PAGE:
It's easy to imagine a shelf in a traditional brick-and-mortar store. We see them every time we go into most shops. The stock sits on shelves, mostly in tidy rows, ready for customers to pick up and take away to a new home. Occasionally you'll see an oddly misplaced item on a shop shelf, most likely due to carelessness by one of your fellow shoppers. We typically pick up an item of stock, examine it, and either place it back on the shelf or take it to a nearby checkout to purchase. A few unscrupulous "shoppers" might place the odd item from the shelf down their pants with the intention of "liberating" (shoplifting) it.
But where are the shelves in an online setting? How do we view and examine stock and engage with brands before purchasing? This is where the digital shelf comes in. Online retailers are finding alternative ways to engage with shoppers to compensate for the lack of a physical shelf. And in the process, they have made things harder for the "shoppers" who can no longer shoplift as easily.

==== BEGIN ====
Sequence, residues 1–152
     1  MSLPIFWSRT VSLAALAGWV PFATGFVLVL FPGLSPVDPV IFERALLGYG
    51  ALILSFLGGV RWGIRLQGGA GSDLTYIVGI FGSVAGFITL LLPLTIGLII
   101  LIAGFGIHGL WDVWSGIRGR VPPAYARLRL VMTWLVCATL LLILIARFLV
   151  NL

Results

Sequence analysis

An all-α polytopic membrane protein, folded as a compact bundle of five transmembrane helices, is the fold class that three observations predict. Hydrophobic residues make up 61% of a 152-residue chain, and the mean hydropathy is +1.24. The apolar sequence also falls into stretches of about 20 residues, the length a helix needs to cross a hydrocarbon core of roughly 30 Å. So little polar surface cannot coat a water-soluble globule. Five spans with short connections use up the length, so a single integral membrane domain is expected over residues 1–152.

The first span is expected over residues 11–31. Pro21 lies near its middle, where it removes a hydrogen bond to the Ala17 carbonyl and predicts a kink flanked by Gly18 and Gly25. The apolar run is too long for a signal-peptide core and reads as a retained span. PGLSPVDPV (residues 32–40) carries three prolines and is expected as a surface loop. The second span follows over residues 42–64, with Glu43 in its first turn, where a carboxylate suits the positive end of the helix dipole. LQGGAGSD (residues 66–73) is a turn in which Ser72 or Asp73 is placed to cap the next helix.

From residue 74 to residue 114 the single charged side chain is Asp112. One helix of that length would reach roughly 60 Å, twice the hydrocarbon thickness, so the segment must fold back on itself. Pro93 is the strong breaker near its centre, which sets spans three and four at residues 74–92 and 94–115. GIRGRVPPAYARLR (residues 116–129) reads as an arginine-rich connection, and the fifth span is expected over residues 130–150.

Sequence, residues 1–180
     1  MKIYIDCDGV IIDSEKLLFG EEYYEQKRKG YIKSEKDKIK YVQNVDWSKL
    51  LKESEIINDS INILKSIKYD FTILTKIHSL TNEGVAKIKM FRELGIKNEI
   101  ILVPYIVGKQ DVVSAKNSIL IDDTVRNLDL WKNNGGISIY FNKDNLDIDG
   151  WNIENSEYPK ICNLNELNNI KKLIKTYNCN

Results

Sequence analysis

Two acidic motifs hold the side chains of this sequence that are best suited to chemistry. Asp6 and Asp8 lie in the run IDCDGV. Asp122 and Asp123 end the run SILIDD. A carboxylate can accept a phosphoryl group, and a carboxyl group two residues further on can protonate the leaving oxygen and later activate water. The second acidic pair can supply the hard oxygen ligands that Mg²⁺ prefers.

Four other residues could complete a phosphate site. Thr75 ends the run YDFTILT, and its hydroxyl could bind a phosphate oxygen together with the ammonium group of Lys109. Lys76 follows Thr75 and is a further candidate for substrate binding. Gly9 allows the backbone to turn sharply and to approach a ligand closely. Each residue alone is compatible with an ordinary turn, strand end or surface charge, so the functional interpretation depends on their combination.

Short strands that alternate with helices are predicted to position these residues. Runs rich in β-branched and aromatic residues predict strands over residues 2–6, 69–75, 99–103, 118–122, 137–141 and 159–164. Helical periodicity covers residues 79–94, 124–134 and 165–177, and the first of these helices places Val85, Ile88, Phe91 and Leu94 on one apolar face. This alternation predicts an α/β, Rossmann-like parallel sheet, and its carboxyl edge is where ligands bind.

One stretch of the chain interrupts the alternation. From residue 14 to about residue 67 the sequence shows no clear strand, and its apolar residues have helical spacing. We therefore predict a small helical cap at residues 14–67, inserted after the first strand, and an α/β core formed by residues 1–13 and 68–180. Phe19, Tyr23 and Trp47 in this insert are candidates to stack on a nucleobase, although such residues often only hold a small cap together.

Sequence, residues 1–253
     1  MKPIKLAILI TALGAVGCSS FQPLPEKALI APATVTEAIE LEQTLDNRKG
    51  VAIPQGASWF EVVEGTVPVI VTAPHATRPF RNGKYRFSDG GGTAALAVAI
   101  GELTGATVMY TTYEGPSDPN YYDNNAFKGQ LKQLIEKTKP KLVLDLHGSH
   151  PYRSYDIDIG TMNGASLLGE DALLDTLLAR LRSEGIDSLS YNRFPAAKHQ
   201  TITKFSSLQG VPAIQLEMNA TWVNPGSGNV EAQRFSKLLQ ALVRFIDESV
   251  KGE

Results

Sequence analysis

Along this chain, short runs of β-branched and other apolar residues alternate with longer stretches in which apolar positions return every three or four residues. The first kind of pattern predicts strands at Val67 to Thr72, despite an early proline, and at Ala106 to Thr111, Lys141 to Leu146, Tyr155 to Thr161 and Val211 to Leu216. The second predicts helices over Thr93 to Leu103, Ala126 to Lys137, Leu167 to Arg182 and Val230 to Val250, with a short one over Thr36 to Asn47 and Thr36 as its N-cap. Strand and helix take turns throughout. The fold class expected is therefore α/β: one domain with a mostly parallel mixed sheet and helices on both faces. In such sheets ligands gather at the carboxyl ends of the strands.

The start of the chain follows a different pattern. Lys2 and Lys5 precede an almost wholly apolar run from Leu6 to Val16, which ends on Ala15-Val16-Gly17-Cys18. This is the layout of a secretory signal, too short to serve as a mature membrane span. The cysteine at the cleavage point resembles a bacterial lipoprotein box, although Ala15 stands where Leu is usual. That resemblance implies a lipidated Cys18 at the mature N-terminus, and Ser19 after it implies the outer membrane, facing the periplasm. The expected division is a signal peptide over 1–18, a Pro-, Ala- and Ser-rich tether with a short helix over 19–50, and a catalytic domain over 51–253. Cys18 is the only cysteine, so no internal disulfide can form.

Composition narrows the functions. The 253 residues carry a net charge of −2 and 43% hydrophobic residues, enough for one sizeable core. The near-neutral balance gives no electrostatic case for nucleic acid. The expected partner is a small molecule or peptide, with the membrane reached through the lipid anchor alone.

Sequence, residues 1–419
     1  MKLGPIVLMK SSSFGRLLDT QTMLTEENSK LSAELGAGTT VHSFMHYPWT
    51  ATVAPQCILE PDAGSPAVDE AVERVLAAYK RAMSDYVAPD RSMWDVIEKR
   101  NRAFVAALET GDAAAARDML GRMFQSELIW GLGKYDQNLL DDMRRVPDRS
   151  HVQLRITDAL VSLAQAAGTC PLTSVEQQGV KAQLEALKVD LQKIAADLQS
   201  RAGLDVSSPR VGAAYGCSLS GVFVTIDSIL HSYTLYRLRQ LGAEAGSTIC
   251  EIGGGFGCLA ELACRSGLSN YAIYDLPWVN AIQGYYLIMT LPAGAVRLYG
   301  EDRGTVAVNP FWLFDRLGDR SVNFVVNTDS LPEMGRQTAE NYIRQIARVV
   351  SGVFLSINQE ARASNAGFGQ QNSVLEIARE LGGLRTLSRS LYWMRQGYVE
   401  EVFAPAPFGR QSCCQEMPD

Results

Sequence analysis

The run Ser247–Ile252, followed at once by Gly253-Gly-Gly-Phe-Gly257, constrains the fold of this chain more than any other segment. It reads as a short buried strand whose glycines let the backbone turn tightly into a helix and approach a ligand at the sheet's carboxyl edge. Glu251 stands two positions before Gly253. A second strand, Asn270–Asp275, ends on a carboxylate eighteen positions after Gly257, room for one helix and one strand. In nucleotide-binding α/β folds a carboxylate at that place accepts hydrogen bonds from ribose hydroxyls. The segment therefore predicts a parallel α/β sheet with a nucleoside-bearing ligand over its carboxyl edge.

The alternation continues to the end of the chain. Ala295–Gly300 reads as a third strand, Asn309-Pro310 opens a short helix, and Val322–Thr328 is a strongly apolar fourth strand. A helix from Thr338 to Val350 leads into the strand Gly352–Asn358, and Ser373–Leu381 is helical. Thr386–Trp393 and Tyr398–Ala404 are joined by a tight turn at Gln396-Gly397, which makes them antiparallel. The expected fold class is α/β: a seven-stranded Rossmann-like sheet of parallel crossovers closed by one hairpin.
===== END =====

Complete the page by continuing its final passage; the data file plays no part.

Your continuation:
What is the Digital Shelf and Why It Is So Important:
What is the Digital Shelf?
In a traditional retail shop, you can access and find out about goods by going to the shelves. This is where the goods are, usually placed in informative packaging and often surrounded by nearby, hopefully helpful, signage. Since we moved on from asking the shopkeeper for everything we wanted (look at shops in old-time movies for this), retail shelves have indirectly helped us find solutions to many of our needs and problems. If we're hungry, we go to a shelf in a store to find something to eat. If we want to learn about something (ignoring today's digital possibilities), we go to a bookstore to find a relevant book. If you want to build something, you go to the shelves in a hardware store and buy tools of various types and qualities. We may not be able to pick up a new car from a car dealer's shelf, but we can find car parts and accessories on them. We encounter shop shelves carrying inventory nearly every time we enter a store.